# Generate Correlated variable to an existing data set

Discussion in 'Microsoft Excel Discussion' started by hdf, Mar 31, 2011.

1. ### hdfGuest

I would like to generate a column of random variables (-1 to 1) that
are correlated to an existing column of values that are not -1 to 1.

I know how to generate two sets of random correlated variables, but I
can't seem to find a way to generate a column of random variables that
is correlated to an existing column of numbers as opposed to one that
was generated at the same time. It is probably something very simple
or impossible, but I'm no stats expert and thus need help in
identifying a function or formula that will allow me to do this.

To be clear, I have a column of values ranging from 100 to 175. I
want to generate a second column of random variables (-1 to 1) which
are correlated with this column, to whatever correlation coefficient I
choose.

I hope this makes sense.

hdf, Mar 31, 2011

2. ### joeu2004Guest

On Mar 31, 5:29 am, hdf <> wrote:
> I know how to generate two sets of random correlated
> variables

What do you mean by that? Do you mean that you know how to generate
two random sets of data and compute their correlation? Or do you mean
that you know how to generate one random set of data and generate
another data set over a different range of numbers that is exactly
correlated (non-random)?

An example would help clarify your meaning.

You wrote:
> To be clear, I have a column of values ranging from
> 100 to 175.  I want to generate a second column of random
> variables (-1 to 1) which are correlated with this column,
> to whatever correlation coefficient I choose.

Few things are "impossible" to do with computers. It depends on how
long you are willing to wait for a solution.

Off-hand, if I understand your requirements correctly, I believe this
is a very difficult task to accomplish in a reasonable finite amount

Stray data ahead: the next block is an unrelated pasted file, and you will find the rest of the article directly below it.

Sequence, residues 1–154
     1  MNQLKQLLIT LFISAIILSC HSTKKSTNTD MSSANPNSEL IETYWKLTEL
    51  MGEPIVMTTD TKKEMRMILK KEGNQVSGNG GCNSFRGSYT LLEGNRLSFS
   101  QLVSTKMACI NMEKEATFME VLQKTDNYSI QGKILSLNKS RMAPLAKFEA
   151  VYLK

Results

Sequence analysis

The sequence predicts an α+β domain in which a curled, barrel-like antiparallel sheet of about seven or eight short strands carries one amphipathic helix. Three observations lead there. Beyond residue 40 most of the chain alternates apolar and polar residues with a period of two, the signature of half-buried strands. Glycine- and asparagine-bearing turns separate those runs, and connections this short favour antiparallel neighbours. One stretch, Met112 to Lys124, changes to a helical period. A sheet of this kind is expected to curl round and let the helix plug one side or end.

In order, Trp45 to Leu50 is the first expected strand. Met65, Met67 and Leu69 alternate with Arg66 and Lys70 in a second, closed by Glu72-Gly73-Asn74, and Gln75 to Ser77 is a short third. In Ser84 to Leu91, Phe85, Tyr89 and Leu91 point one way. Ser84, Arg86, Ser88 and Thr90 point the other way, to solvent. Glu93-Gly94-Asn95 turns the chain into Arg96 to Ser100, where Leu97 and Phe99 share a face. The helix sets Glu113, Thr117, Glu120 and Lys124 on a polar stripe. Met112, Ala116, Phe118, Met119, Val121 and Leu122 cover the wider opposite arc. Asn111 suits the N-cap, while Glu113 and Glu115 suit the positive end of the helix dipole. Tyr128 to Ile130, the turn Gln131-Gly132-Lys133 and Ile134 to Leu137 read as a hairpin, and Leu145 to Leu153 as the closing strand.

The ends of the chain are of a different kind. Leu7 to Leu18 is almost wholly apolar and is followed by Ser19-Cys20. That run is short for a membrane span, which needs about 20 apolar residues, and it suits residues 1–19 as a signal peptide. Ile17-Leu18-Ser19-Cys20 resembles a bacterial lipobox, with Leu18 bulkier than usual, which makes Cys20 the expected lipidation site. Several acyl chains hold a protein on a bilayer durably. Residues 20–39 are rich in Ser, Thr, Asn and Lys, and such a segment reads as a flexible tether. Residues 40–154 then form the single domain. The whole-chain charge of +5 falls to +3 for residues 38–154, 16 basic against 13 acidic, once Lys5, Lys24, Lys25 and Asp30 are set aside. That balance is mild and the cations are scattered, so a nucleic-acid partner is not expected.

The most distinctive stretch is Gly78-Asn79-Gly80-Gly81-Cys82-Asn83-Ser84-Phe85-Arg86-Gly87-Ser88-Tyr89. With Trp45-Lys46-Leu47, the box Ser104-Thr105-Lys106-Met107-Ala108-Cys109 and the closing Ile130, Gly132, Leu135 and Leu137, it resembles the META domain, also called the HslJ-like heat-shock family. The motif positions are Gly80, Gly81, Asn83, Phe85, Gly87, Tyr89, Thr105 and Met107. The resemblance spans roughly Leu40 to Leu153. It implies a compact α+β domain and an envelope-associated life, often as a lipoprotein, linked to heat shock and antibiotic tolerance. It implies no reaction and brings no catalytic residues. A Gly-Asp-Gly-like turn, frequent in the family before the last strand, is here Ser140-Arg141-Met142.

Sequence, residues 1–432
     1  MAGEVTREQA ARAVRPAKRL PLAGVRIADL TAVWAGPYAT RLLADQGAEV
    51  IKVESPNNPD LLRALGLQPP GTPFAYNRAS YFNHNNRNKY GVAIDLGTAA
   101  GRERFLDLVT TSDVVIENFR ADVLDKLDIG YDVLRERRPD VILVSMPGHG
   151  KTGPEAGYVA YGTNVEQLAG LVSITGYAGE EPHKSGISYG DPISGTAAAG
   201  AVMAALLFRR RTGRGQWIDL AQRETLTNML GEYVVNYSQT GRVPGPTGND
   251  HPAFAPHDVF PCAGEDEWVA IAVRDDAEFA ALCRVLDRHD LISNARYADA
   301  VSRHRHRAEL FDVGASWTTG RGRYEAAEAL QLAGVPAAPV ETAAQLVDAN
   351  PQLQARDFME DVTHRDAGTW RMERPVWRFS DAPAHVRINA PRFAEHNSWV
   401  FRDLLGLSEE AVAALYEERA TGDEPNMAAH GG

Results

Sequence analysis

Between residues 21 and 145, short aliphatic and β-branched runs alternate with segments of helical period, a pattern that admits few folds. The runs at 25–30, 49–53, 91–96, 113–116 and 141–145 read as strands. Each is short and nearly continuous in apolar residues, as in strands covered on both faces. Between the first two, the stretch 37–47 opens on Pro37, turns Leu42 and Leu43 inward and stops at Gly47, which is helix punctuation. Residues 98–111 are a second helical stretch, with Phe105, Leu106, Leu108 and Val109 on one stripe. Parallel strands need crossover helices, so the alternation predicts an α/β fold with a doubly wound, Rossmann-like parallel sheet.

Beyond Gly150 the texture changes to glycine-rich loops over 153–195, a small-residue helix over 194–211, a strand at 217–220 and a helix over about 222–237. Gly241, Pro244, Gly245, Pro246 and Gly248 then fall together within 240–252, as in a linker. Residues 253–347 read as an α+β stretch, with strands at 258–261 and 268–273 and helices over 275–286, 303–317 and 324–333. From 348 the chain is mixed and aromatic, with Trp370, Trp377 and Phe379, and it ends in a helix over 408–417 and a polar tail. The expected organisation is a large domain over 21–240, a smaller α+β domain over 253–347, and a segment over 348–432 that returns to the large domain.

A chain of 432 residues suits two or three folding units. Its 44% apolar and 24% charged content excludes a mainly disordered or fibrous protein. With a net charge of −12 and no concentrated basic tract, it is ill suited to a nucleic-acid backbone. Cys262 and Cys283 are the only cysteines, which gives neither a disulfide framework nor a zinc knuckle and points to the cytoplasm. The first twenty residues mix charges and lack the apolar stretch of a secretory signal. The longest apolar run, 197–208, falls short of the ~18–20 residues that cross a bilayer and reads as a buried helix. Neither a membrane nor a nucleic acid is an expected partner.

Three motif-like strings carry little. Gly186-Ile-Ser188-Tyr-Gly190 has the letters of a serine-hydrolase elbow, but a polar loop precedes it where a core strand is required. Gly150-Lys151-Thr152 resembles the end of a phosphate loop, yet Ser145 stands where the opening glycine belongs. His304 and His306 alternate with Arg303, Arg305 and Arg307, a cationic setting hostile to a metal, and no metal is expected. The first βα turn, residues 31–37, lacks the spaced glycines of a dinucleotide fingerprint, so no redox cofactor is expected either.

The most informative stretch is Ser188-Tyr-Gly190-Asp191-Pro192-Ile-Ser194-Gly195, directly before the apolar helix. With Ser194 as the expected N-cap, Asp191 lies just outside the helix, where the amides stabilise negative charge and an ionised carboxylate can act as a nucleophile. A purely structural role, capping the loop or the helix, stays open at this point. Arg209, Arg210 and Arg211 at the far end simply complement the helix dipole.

of time. The troubleshome requirement is "whatever correlation
coefficient I choose".

You could generate n-1 random values in the range [-1,1], then solve
for the n-th value that gives the required correlation coefficient.

Even that might be difficult due to the nature of the correlation
formula, if you use the same one as that found on the Excel CORREL
help page.

Moreover, there is no guarantee that the n-th value that meets the
correlation requirement will be in the range [-1,1].

Of course, you can always generate n random values in the range [-1,1]
repeatedly until you stumble upon a set that meets your criteria. But
such repetition can take a long time, and there is no guarantee of

It's not that I like that forum. It's just that MS has ceased to
support the Usenet newsgroups; see http://www.microsoft.com/communities/newsgroups/default.mspx.
Hence, participation here is limited to the sites that share a common
newsgroup mirror, which is no longer centralized at MS. Many of the
diehard contributors no longer pay attention to the Usenet newsgroups.

joeu2004, Apr 1, 2011

3. ### hdf

Joined:
Apr 3, 2011
0
I have no idea how my question got posted to this forum, since I wasn't a member. I originally posted it in Google Groups. Anyway, thank you to whomever did it.

Joeu2004, thanks for the help.

First, I should correct a glaring mistake in my original question. I meant to ask for random numbers between 0 and 1, NOT -1 and 1.

As for the rest of my question, let me try to clarify.

When I said "I know how to generate two sets of random correlated variables" I probably should have been more precise. What I meant is that I use a VBA user defined function to do so.

There is a series of VBA defined functions called Simtools which include a function that allows you to generate sets of correlated random variables (between 0 and 1) that can then be used as substitutes for the rand() function in generating distribution curves. This particular function allows you to input the correlation you want and then generates pairs of correlated variables between 0 and 1.

However, I already have one set of data that is the output from a series of calculations. For sake of argument, let's say that I have calculated the distribution of students by age who wear blue socks. And that I know that there is a correlation of X between those who wear blue socks and those who wear red hats. I want to generate a series of random variables that are correlated (X) with the distribution of students wearing blue socks.

I hope this makes more sense.

hdf, Apr 3, 2011